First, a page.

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Confusion on an historic scale October 21, 2019

Posted by WorldbyStorm in Uncategorized.

There was a strangely revealing section of EH’s column this last weekend that I think is worth considering. In it he wrote:

First comes Miriam O’Callaghan, followed by Tommie Gorman, Matt Cooper, Ivan Yates. Kate O’Connell also reached out on The Tonight Show when Diarmaid Ferriter said he had no sympathy whatsoever for the DUP.

How could any Irish republican not have sympathy with Arlene Foster who saw her father crawl into their farmhouse covered in blood and the driver of her school bus murdered in cold blood?

Suppose positions were reversed, and we were a Roman Catholic minority of a million in a small Catholic region, on a partitioned island with a Protestant Free State on the other side of the Border.

Suppose the Protestants, with a majority on the island began to butcher our fathers and brothers.

Can you imagine how bitter our memories would be?

The obvious problem is the conflation of two (actually more) different dynamics. One can indeed say one has no sympathy for the DUP on the issue of Brexit and its handling of same and lack of regard for this island while having every sympathy for Arlene Foster. I’ve often wondered how she has managed on a personal level given what she experienced, and I’ve had some admiration for her willingness on occasion to go beyond the necessary and make gestures that must have been hugely difficult (even if these have been intermittent).

But it’s deeply unfair to Ferriter or indeed anyone else to say that the history invalidates the present, as if the DUP, or anyone gets a free pass because of history. And EH collapses and ignores so much in his counterfactual, not least the issue of state power in the North linked to state power in Britain as well as the militarisation of populations on behalf of those state powers etc.

And let’s be honest, it’s not as if the DUP, or those adjacent to it are morally pure in all this either. The Spotlight programmes should come as a salutary reminder that of all the political parties in the North the only ones that perhaps could be said to have genuinely no problematic links were the SDLP and Alliance plus a smattering of the smaller leftist parties (which is no endorsement of any of them either).


1. roddy - October 21, 2019

For the record ,neither Fosters RUC father or UDR bus driver were killed in the incidents described and both would have been armed at all times.They would have been in a position to defend themselves unlike the overwhelming number of those killed by state forces and the loyalists they colluded with.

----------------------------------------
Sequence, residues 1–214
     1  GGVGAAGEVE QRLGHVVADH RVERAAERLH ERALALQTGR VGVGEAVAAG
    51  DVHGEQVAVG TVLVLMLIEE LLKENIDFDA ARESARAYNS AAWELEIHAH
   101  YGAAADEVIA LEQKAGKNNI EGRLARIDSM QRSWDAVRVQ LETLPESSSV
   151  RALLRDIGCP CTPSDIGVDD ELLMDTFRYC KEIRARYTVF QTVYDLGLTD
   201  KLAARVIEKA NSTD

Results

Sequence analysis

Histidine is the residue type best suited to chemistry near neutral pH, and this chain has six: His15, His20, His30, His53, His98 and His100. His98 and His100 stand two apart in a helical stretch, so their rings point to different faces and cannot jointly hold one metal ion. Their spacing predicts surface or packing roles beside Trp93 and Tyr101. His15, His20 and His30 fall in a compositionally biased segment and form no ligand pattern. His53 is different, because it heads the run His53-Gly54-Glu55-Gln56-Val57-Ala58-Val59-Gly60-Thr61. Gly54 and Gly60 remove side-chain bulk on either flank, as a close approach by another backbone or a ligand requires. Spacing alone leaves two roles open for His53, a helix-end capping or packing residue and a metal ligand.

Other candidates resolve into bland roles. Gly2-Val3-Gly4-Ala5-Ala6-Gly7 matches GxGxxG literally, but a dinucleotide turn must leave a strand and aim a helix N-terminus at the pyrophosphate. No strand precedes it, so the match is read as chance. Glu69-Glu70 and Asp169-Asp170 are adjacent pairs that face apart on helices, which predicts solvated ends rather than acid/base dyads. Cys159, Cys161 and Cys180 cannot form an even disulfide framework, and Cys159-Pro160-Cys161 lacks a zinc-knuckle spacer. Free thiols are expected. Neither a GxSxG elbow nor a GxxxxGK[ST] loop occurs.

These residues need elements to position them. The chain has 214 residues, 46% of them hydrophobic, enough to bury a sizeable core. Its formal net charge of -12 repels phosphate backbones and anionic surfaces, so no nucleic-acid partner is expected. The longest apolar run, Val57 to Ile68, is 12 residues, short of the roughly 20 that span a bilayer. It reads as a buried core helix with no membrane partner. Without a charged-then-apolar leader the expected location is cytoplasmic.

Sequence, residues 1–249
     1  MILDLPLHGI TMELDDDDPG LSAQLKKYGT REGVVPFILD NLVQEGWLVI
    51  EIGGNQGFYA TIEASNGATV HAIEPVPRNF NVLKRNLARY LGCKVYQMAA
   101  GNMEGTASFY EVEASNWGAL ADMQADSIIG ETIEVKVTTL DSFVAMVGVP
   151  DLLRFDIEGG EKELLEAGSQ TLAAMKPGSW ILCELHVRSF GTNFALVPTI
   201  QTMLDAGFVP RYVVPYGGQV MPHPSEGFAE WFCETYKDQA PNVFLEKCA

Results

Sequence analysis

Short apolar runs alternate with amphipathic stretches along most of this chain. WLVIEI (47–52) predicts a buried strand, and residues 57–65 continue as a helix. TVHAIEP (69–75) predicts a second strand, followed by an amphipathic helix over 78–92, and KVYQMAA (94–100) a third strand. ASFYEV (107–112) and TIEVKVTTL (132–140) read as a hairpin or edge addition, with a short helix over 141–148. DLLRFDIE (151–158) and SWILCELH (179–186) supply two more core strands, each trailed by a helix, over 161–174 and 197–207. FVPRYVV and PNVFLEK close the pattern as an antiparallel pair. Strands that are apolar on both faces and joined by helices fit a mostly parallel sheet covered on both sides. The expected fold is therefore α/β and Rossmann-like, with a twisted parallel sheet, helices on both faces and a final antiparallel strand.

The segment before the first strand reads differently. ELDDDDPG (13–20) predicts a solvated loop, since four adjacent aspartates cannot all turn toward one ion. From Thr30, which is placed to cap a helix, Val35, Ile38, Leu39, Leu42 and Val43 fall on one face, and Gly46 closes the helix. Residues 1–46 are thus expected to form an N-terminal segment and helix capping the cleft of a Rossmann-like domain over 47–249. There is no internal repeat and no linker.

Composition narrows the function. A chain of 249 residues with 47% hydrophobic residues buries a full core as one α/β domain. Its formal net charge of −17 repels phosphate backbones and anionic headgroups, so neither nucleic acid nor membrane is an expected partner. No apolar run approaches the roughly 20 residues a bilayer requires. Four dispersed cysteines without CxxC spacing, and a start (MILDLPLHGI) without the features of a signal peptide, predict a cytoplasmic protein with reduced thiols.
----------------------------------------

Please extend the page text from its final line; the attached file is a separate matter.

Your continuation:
WorldbyStorm - October 21, 2019

Well the first is simple happenstance, though wasn’t a schoolmate of Fosters very badly injured, and both would have an impact without question on any child. And bombing a school bus isn’t an act I’d stand over in the conflict. But the fact is, as noted above, there was a militarisation that EH ignores completely.


2. 6to5against - October 22, 2019

Oh God, its full of so many false analogies that it’s hard to think my way into his logic, but if I have this right we have to sympathise with the DUP who’s whole raison d’etre is to maintain the political domination that their majority position historically allowed them in a state that was created just so that they would have that majority.

And if we’re struggling to do so, we should imagine what its like to be part of a minority population.

I think I have that now.

And if we fail to do so we are somehow indifferent to, and possibly complicit with, the trauma suffered by a child in a warzone.


WorldbyStorm - October 22, 2019

+1 Yeah, it’s pretty shocking stuff really. And such a massive distortion of the actual power relationships it is difficult to know how he can seriously put it to paper. What I find fascinating is the partiality of if. Or actually it is zero sum. One can only sympathise/empathise with one cohort of people, in his case ‘Protestants’ (again the very sectarian aspects of that are ignored as are the political aspects of the overall context). But in truth sympathy and empathy aren’t enough. I have sympathy for Foster and indeed anyone who has suffered what she did (and in many instances much more). But that doesn’t mean, as you rightly say, that that is where it ends. Because if one doesn’t acknowledge the overall dynamics then it doesn’t progress matters a step further than whatever given status quo one is at.

The reality EH ignores is that nationalist/Repubilcans were a minority, that they had been largely abandoned by the South, that the sub-state in which they found themselves alienated and isolated them yet further, that politically there was no means of them having any portion of power, that there was a raft of repressive measures directed precisely to maintaining their status as lesser and when the British came in there was a specific effort to first militarise and later to arguably paramiltarise the situation (not in the sense of traditional paramilitaries, albeit they played a part but through the use of armed police force, local militia, etc). And the whole rotten structure was so grim that by 1990 even the British (Tories to an extent, Labour to a greater extent) realised it had to be dismantled.

It takes some effort to close ones eyes to that doesn’t it?


3. benmadigan - October 22, 2019

Plea: Spare a thought for Ulster unionists and Loyalists!
Advice: And then walk on by, walk on by

Remember: I’ve never heard anyone other than themselves say a good word about Ulster Unionists/Loyalists.



WorldbyStorm - October 22, 2019

That’s a great point, spare a thought and walk on by!


4. roddy - October 22, 2019

Ben,it’s obvious you don’t get RTE which gives them very positive coverage,especially in the form of Northern editor TommyGorman.


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